Use this URL to cite or link to this record in EThOS: http://ethos.bl.uk/OrderDetails.do?uin=uk.bl.ethos.619180
Title: The epidemiology of pain : improving the methodologies used in population-based studies of pain
Author: Flüss, Elisa
ISNI:       0000 0004 5356 9049
Awarding Body: University of Aberdeen
Current Institution: University of Aberdeen
Date of Award: 2014
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Abstract:
Introduction: Currently used methods to collect self-reported information on pain status in population studies have remained unchanged over the past decades. Decreasing response rates and the necessity to collect more detailed information to advance on understanding declare the importance of updating these instruments. The aims of this thesis were to (1) explore different strategies to increase response rates and (2) assess whether population estimates of pain change when participants' pain management is considered for the pain assessment. Methods: A cross-sectional study was conducted in the general population in Grampian, Scotland. 4600 potential participants were randomly selected from the NHS community health index register and sent a self-completion questionnaire. Collected information included people's health status (SF-36), pain status (manikins, chronic pain grade), pain management and estimated pain status without pain treatments (enhanced pain status questionnaire). The newly developed pain management and enhanced pain status questionnaire were validated within a small sample of the questionnaire respondents who attended a subsequent interview. Results: The response rate was not significantly increased when single-sided questionnaires were sent to potential participants (OR=1.13, 95%CI=0.998, 1.28) or when an option to reply via the internet was provided (OR=1.06, 95%CI=0.94, 1.20). Population estimates of pain changed significantly with the use of the enhanced pain status questionnaire: the pain prevalence increased from 50.5% to 56.2% (difference=5.7%, 95% CI=2.2, 9.2). Likewise, respondents with pain estimated their pain to be significantly higher when they considered the effect of their treatments. Conclusions: Neither an option to reply via the internet nor single-sided questionnaires are effective methods to increase response rates to population studies. Conclusions: Neither an option to reply via the internet nor single-sided questionnaires are effective methods to increase response rates to population studies. The burden of pain is currently underestimated in population-based pain studies which do not include an assessment of pain management. As a result of the findings, pain management information should routinely be collected and considered in epidemiological studies assessing pain.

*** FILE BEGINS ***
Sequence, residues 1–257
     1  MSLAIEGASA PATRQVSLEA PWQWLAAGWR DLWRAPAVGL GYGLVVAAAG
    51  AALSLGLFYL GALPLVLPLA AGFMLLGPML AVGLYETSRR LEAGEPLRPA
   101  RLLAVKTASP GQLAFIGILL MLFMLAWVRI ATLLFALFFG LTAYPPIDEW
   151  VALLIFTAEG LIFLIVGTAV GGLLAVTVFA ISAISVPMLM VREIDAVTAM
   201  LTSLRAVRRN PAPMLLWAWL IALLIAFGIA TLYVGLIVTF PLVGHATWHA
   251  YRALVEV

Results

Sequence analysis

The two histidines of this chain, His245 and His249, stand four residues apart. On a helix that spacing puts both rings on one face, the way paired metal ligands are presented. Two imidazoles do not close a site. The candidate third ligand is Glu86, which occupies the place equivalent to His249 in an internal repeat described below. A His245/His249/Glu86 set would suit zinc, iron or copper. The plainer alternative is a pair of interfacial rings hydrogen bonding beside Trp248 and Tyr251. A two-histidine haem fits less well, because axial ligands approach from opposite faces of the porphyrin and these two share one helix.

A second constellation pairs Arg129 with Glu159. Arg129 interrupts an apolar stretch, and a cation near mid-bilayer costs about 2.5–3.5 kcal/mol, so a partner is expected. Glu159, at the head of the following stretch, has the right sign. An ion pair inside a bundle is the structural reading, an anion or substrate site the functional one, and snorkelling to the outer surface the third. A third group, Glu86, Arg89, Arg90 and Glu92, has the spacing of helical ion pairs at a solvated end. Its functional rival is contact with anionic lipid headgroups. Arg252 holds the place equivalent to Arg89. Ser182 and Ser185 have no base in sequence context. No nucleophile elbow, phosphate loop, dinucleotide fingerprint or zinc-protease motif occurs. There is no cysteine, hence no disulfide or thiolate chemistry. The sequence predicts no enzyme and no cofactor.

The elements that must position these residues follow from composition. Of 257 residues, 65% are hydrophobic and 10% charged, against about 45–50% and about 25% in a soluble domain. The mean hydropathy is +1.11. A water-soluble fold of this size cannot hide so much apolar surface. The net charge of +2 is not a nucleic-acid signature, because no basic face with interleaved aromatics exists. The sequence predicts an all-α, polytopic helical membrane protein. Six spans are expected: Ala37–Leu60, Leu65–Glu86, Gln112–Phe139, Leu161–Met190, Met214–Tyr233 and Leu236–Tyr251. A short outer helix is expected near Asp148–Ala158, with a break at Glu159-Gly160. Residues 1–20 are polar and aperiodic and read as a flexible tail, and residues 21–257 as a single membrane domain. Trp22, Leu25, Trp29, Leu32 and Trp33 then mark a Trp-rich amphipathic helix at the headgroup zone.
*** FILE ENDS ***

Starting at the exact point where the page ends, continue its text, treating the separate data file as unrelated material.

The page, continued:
Supervisor: Not available Sponsor: Institute of Applied Health Sciences ; University of Aberdeen
Qualification Name: Thesis (Ph.D.) Qualification Level: Doctoral
EThOS ID: uk.bl.ethos.619180  DOI: Not available
Keywords: Pain
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